During a connection with one of our leaders this week, we stumbled onto the topic of reliability. As we discussed, we began listing the consequences of being in a relationship and working with someone who’s simply not reliable. As the list grew and grew, we looked at each other surprised at how many layers relate to one’s reliability.

Lack of reliability:

  • Reduces trust
  • Creates inefficiency
  • Leads to frustration
  • Makes people feel insignificant
  • Slows momentum
  • Breaks connection

We all know the people we can count on and the people who we can’t, whether it’s completing a work assignment, showing up for a meeting or meal, or anything in the realm of “doing what they said they’d do.”

So fast forward to Tuesday afternoon. I’d run to Lowe’s to order an appliance during lunch. The register wouldn’t allow for a price match and locked up. I watched as the clock, little by little closed in on my 2:00 meeting. I texted to let our Director of Marketing know that I was a victim of the home improvement store and was running behind. She was gracious, and yet I knew deep down that her confidence in my reliability took a hit. This wasn’t the first time, and perhaps even a trend was building. Darn it!

Reflecting on the initial meeting AND taking responsibility for my unreliability in getting back to the office in time for this meeting gave me a great opportunity to think through the steps to get back on track when we slip up. These apply just the same for whether the leader is taking responsibility for missing the mark or holding someone accountable for an increasing lack of reliability:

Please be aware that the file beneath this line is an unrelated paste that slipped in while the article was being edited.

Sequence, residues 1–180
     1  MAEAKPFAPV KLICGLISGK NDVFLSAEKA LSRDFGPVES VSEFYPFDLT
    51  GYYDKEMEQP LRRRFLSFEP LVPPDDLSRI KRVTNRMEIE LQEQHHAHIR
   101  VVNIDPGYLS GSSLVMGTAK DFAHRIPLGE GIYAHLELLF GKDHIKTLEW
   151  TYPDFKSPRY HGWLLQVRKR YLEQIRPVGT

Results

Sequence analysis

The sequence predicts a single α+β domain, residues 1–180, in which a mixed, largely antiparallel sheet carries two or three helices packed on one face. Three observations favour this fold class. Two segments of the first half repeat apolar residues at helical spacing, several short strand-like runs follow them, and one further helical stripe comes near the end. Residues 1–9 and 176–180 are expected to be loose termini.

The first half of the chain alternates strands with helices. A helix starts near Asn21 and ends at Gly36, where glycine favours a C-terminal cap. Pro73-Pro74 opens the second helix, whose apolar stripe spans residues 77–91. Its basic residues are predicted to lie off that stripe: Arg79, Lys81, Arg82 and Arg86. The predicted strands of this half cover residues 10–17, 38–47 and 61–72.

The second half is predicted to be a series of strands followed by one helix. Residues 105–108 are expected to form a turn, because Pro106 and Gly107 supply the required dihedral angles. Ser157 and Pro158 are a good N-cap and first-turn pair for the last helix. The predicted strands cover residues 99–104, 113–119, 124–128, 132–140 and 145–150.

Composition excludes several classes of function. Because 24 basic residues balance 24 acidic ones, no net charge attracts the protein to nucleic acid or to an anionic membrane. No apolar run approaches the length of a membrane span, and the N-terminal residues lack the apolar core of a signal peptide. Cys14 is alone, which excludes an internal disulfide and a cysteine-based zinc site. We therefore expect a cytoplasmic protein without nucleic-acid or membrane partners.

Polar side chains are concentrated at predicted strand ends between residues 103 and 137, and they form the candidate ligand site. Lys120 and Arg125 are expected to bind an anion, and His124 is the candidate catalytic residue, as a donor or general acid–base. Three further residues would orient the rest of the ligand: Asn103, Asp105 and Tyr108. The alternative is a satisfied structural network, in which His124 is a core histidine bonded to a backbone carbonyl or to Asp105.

1. Acknowledge It

It’s important that we show up. That we’re reliable and on time. I’ve (or you’ve) been inconsistent of late, and this is a great opportunity to reset expectations for (myself or you).

2. Commit To It

“I’m committed to being on time as a way of honoring you, your time, and stewarding well the resources we’ve been given and responsibilities we carry.”

3. Move the Meeting or Prepare Differently

There are times when people have back to back to back meetings, and there’s absolutely no chance that the third meeting starts on time. People plan around it being late, and it loses the intentionality that would otherwise be present. In this situation, we can either communicate in the earlier meetings that we have hard stops to set everyone up for future meetings OR we need to create larger gaps in the schedule to accommodate meetings that go long or tasks that need to be addressed in between.

Some flexibility is great, and grace is important when something comes up. But when we start to be more certain in something NOT happening than happening, we’re losing more than we know in terms of trust, efficiency, momentum, and confidence.

Who’s one person you’ve been unreliable toward or one area of your life that you can make a schedule/habit change to turn the tide in this area?

Cheers to being leaders that honor the people around us and that others can count on.


Josh Block

Josh Block

Josh Block is a Michigan native, husband, father of two, speaker, company president, and leadership advocate. He believes that healthy leaders, thriving teams and fulfilling work carry remarkable power to transform people and families.

One Comment

  • Matt says:

    I can definitely relate! I’ve been guilty of the back to back meetings running behind, and then not only late to one, but multiple. It’s horrible feeling. Love the simple idea of communicating a hard stop before the meeting begins.

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